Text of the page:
Canada's top court has struck down three key laws concerning prostitution in this country, declaring them unconstitutional, disproportionate and overly broad.

In a 9-0 ruling Friday, the Supreme Court said the laws prohibiting keeping a brothel, living on the avails of prostitution, and communicating in public for purposes of prostitution "do not pass Charter muster." It said they infringe on the rights of prostitutes by depriving them of security of the person.

In a written statement on behalf of the court, Chief Justice Beverley McLachlin said that because prostitution itself is legal in Canada, the three provisions outlined in the ruling made it extremely difficult for prostitutes to safely engage in their work and prevented sex workers from taking steps to protect themselves.

The court found that many of the provisions ended up forcing women out of brothels and into the streets and punished people who worked to protect prostitutes in the sex trade industry including bodyguards and office receptionists.

McLachlin noted that "the regulation of prostitution is a complex and delicate matter," and that it "will be for Parliament, should it choose to do so, to devise a new approach, reflecting different elements of the existing regime."

The court's decision will be suspended for one year, meaning the laws will stand as they are until Parliament decides to either amend the laws or set the issue aside.

Justice Minister Peter MacKay said he was "concerned" by the court's decision and that his office would be reviewing the ruling.

"We are reviewing the decision and are exploring all possible options to ensure the criminal law continues to address the significant harms that flow from prostitution to communities, those engaged in prostitution, and vulnerable persons," he said in a statement.

In her decision, McLachlin wrote that given that prostitution itself is legal, the three provisions made it too difficult for prostitutes to safely engage in sex work.

She wrote the laws "do not merely impose conditions on how prostitutes operate. They go a critical step further, by imposing dangerous conditions on prostitution; they prevent people engaged in a risky -- but legal -- activity from taking steps to protect themselves from the risks."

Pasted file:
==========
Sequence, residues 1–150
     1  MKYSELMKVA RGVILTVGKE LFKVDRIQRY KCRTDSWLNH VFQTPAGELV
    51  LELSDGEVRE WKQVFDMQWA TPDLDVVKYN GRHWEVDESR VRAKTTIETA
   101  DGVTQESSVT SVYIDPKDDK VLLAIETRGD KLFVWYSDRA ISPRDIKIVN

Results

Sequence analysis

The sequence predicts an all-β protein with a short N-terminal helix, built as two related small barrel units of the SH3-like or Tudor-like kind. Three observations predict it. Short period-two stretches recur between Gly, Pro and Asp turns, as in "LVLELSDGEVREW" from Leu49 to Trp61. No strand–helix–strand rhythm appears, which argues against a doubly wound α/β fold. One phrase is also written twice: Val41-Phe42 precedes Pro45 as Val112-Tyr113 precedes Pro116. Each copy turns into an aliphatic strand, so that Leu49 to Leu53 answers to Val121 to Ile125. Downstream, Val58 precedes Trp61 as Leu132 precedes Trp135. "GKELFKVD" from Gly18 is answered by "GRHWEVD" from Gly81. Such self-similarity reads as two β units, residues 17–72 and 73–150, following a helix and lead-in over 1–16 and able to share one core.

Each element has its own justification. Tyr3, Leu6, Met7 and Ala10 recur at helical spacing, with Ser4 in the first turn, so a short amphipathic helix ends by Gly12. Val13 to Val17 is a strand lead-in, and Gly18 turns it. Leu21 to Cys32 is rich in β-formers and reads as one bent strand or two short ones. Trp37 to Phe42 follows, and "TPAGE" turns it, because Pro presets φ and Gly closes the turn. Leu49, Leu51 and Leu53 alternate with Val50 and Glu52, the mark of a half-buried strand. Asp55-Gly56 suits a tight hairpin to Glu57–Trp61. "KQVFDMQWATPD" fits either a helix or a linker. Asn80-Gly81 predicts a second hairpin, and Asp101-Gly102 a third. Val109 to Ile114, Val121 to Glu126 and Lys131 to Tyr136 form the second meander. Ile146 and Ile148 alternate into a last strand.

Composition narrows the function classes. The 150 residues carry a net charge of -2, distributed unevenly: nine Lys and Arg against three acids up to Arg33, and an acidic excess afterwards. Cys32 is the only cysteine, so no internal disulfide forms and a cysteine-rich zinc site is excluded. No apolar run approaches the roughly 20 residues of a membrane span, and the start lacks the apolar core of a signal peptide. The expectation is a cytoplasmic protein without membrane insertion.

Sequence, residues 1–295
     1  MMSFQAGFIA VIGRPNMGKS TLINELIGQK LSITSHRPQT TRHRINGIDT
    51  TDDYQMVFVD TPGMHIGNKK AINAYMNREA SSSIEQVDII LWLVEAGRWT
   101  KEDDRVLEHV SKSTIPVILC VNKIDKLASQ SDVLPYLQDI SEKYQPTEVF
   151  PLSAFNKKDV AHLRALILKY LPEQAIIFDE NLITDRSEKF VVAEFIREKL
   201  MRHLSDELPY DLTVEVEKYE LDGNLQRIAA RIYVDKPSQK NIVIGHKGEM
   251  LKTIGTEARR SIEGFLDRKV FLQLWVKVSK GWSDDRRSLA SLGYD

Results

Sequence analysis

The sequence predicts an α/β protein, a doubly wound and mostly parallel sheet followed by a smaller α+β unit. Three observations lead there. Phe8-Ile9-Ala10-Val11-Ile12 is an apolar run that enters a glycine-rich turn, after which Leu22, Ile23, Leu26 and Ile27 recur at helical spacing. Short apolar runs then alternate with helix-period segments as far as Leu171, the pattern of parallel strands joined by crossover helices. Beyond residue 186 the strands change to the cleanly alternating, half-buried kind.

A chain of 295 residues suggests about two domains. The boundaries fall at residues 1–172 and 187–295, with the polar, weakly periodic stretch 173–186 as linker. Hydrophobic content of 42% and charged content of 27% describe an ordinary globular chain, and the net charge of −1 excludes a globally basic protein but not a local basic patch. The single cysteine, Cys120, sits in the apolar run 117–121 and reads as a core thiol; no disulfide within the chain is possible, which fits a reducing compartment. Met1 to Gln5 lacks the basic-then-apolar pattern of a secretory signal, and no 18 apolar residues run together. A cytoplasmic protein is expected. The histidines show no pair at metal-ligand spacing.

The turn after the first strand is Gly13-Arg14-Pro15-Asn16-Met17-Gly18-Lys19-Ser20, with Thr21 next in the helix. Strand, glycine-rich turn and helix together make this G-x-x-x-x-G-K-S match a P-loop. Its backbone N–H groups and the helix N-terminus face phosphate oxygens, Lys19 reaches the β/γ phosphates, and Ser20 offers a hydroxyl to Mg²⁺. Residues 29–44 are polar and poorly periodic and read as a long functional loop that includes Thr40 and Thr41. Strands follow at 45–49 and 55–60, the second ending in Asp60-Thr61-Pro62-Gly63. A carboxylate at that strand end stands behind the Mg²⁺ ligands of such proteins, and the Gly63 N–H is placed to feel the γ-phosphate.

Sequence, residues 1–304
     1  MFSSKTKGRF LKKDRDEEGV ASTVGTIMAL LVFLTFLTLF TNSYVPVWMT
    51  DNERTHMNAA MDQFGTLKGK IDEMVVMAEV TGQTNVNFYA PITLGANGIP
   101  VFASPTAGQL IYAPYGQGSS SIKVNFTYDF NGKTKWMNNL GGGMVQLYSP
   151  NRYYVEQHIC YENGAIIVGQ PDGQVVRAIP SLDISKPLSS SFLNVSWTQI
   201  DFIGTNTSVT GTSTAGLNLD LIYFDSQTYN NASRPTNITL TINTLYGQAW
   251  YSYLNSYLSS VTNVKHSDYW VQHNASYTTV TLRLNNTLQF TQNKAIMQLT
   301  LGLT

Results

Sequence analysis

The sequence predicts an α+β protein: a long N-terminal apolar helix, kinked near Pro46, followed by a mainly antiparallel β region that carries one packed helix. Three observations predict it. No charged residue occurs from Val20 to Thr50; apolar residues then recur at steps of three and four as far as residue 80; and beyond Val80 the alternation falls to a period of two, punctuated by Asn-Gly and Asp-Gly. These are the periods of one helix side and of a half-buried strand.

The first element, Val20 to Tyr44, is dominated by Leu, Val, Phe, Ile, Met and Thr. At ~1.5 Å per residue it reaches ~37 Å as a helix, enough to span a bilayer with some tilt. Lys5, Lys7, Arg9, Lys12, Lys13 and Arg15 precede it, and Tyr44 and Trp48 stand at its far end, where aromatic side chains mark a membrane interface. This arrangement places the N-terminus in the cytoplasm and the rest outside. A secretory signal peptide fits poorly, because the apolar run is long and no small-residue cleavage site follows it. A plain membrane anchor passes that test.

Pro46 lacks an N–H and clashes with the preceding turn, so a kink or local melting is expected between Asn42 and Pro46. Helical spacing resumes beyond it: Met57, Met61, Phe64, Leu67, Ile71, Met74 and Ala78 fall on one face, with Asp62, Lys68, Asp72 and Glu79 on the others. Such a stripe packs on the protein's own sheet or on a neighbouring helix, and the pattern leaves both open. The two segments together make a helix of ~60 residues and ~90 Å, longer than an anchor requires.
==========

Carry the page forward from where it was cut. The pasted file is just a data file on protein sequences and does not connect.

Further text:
The law banning brothels forces prostitutes onto the streets, McLachlin wrote, and the resulting health and safety risks imposed upon street workers is "grossly disproportionate" to the law's objective of preventing public nuisance. 

"Parliament has the power to regulate against nuisances, but not at the cost of the health, safety and lives of prostitutes," McLachlin ruled.

As for the laws banning living on the avails of prostitution prohibition, McLachlin wrote that the intention of that law was to target pimps and those who attempt to exploit sex workers. But she said the law punished everyone who works with prostitutes, including those who work to protect them, such as bodyguards, managers and office receptionists. 

"In these ways, the law includes some conduct that bears no relation to its purpose of preventing the exploitation of prostitutes. The living on the avails provision is consequently overbroad," McLachlin wrote.

Lawyers for the federal and Ontario governments argued that if prostitutes want to avoid the inherent risks of prostitution, they could simply choose not to engage in it. 

But the court noted that although some prostitutes freely choose to engage in prostitution, many "have no meaningful choice but to do so," because of financial desperation, drug addictions, pressure from pimps, or other reasons.

"Realistically, while (prostitutes) may retain some minimal power of choice -- what the Attorney General of Canada called 'constrained choice' --  these are not people who can be said to be truly 'choosing a risky line of business," McLachlin wrote.

Applicants delighted by decision

Friday's ruling is considered a victory for the three current and former sex workers who brought forth the application to challenge the laws; they appeared both stunned and delighted by the decision.

"I would like to thank the Supreme Court of Canada for declaring sex workers to be persons," former prostitute Valerie Scott, one of the applicants, told reporters gathered in the court's foyer.

"This is the first time in Canadian history that sex workers are truly persons, we are truly citizens of this country. And now we can work in our legal occupation in a legal manner," she said. "This is the best decision I have ever had in my life."

Lawyer Alan Young, who represented the three applicants, said he always believed his team's arguments were "incontrovertible" but he, too, was surprised by the court's unanimity.

"Nine-zero in the Supreme Court of Canada is a little bit surprising to me. I thought in light of the divisive nature of the debate, there would be some dissenting judges," he told reporters.

"But that shows how strong our evidentiary record was and how much we were able to demonstrate that the current laws are irrational and hurting people."

Young added that he didn't expect to see much change at the street level, asserting that prostitution laws are some of the most under-enforced laws in the Criminal Code.